Working Men’s Clubs: Past, Present and Future.
At the Bethnal Green Working Men’s Club this week, you can groove all night at the Disco 54 Festive Freakout, do your Christmas shopping at The Satanic Flea Market’s ANTICHRISTmas, or experience the delights of ‘alien burlesque’ at May The Farce Be With You. All this at a venue cosily tucked away between London’s achingly hip Dalston and Shoreditch districts, which proudly proclaims its heritage: ‘Since 1953 we’ve been a real East-end Working Men’s Club’. This claiming of continuity and authenticity may feel a little disingenuous, as today depressingly few of Bethnal Green’s bright young things are born and bred Londoners. Still, the club’s provision of popular social activities – under the moniker ‘workers’ playtime’ – could have applied equally to clubs in bygone years.
However, it is difficult not to be struck by the differences more than the similarities. In 1953, working men’s clubs were already nearly 100 years old, the first having been established in 1862, as a place for men to meet for ‘conversation, business and mental improvement, with the means of recreation and refreshment.’ By the mid-twentieth century, many clubs still had libraries and offered educational courses on a variety of subjects – ranging from The Gambling Laws and Clubs, to Post War Policy in Education and Recreation, to The Foreign Policy of the USSR.
It was their complementarity to men’s world of work, however, that defined the clubs. Whether in the traditional mining and steel communities of the north of England and south Wales, the new car-manufacturing industries in the east Midlands, or across a broad spectrum of locales from rural parishes to large cities, the clubs’ chief purpose was to provide relief for working-class men after a hard day’s labour.
As private member-only institutions, clubs were able to select which beer was sold, set prices (which typically matched or undercut pubs) and arrange opening hours to dovetail with the shifts of local workers. Some even had rooms for the storage of work tools and baths for men to wash in after work. One of the most striking aspects of the clubs during this time, was that they straddled public and private spheres: at the club, men could relax in homely environs outside the domestic setting. Despite their masculinised names, working men’s clubs were also more likely than pubs to welcome women and children, albeit often only in designated rooms on certain nights of the week.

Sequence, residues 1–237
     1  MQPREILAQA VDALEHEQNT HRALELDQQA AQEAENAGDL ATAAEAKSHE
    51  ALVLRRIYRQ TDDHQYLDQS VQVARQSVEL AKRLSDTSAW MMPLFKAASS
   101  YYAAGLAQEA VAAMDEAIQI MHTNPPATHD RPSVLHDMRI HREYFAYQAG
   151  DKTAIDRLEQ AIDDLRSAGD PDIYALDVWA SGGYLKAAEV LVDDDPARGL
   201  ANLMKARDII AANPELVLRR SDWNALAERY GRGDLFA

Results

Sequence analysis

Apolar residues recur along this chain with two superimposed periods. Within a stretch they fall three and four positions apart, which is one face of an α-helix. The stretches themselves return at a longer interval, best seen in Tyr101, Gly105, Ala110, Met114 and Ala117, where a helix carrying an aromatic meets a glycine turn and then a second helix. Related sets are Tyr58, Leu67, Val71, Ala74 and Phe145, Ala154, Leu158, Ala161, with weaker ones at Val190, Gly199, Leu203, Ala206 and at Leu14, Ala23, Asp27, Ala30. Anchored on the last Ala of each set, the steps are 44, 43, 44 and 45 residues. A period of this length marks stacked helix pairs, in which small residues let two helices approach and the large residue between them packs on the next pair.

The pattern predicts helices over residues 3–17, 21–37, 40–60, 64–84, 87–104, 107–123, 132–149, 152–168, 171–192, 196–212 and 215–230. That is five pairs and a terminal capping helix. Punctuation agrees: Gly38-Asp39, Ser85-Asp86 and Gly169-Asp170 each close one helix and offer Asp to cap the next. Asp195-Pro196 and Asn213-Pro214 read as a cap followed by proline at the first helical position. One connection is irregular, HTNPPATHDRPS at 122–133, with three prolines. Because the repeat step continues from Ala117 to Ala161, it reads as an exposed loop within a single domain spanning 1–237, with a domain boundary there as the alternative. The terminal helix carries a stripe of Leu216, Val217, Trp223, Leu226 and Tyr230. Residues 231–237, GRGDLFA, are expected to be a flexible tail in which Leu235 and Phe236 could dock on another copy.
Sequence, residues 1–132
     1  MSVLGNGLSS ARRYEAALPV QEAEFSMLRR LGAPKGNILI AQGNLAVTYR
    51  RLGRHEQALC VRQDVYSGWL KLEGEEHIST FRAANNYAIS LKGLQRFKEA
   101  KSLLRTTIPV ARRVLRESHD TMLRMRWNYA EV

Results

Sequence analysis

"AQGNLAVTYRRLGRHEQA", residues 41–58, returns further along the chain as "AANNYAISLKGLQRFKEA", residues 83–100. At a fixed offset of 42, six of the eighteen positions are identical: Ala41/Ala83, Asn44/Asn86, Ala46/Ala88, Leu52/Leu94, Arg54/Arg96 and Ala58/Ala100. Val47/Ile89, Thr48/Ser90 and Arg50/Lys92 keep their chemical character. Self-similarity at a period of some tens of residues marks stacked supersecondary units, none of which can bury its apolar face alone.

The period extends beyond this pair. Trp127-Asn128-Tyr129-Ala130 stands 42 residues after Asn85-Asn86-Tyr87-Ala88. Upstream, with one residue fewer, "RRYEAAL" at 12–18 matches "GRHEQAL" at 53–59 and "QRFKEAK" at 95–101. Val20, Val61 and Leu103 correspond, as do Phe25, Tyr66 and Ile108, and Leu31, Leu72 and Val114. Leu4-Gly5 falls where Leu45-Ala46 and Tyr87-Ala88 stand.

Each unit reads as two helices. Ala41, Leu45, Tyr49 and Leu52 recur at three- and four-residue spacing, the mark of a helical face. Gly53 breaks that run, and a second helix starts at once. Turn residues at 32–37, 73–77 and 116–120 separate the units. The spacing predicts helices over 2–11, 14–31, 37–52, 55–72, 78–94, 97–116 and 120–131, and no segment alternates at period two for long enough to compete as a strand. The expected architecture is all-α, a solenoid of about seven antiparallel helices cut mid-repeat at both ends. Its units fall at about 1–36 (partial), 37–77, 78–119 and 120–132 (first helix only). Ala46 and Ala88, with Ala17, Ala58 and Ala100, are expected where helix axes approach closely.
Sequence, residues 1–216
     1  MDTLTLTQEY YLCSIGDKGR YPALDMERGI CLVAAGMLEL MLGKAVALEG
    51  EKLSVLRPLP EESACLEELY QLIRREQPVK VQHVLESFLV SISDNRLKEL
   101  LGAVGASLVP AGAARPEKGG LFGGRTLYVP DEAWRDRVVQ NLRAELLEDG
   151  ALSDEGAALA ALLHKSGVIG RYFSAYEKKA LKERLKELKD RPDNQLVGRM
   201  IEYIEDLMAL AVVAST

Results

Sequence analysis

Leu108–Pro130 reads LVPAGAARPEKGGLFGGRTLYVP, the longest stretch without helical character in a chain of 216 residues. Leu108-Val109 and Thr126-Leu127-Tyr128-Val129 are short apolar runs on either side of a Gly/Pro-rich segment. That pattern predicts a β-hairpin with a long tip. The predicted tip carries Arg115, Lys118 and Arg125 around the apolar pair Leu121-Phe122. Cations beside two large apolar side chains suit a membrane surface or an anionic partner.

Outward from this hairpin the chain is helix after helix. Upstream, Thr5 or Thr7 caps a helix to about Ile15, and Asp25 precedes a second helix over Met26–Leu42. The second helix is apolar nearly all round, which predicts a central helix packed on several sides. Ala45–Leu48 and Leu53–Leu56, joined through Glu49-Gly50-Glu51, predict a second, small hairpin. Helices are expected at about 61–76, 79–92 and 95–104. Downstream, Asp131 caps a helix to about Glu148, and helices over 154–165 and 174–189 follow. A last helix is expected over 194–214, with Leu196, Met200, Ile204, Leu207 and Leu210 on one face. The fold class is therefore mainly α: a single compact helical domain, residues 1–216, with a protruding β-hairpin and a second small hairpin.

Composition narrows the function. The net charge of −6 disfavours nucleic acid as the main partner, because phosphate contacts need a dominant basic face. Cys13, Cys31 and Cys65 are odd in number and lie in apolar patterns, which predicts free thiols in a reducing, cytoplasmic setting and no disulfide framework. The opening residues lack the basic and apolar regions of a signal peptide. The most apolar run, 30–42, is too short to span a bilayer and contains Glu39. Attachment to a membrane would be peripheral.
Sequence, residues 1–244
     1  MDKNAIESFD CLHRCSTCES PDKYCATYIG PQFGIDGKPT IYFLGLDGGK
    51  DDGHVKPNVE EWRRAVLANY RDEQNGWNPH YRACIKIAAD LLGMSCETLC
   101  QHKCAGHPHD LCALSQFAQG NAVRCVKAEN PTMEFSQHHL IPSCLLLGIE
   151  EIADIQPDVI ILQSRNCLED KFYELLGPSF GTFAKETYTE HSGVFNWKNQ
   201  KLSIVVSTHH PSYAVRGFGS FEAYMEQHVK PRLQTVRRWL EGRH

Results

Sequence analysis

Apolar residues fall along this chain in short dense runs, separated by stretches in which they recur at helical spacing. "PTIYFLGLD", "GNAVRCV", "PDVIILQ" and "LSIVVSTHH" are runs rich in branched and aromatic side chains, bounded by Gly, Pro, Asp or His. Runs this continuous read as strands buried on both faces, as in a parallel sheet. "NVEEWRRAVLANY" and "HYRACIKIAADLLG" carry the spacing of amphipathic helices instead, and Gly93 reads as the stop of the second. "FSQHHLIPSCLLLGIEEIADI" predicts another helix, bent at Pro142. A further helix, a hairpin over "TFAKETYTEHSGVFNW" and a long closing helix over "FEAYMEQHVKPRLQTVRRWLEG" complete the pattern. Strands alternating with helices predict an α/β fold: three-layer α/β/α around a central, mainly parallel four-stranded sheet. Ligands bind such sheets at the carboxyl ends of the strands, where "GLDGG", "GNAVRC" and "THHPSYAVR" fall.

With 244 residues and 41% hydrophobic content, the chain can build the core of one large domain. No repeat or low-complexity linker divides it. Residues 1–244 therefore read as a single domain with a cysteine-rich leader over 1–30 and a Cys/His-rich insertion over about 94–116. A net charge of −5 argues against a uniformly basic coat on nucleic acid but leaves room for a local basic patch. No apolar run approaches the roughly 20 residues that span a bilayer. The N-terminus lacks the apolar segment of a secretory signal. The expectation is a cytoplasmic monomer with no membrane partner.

Clubs were often closely entwined with local and national politics too. Members were often also trade unionists, with some using club membership as a springboard to prominent positions in public life. By the time the Bethnal Green Working Men’s Club first opened its doors, the club movement had produced 970 County Councillors, 2,664 Town or Borough Councillors, and 176 MPs. The values of solidarity, collective endeavour, and worker representation closely resembled the founding principles of the Labour party; further, they served to distinguish the clubs from pubs, whose brewery managers typically had links to the Tory party.
Towards the end of the 1950s and into the 1960s and 1970s, however, many clubs underwent a transformation. Spaces once designated for men, drinking and bar-games were converted to large-scale concert halls, with facilities catering to the whole family. By 1958, the largest of the eight working men’s clubs in the mining village of Stainforth, near Doncaster (population 6,000), had concert facilities to seat an audience of 800 people.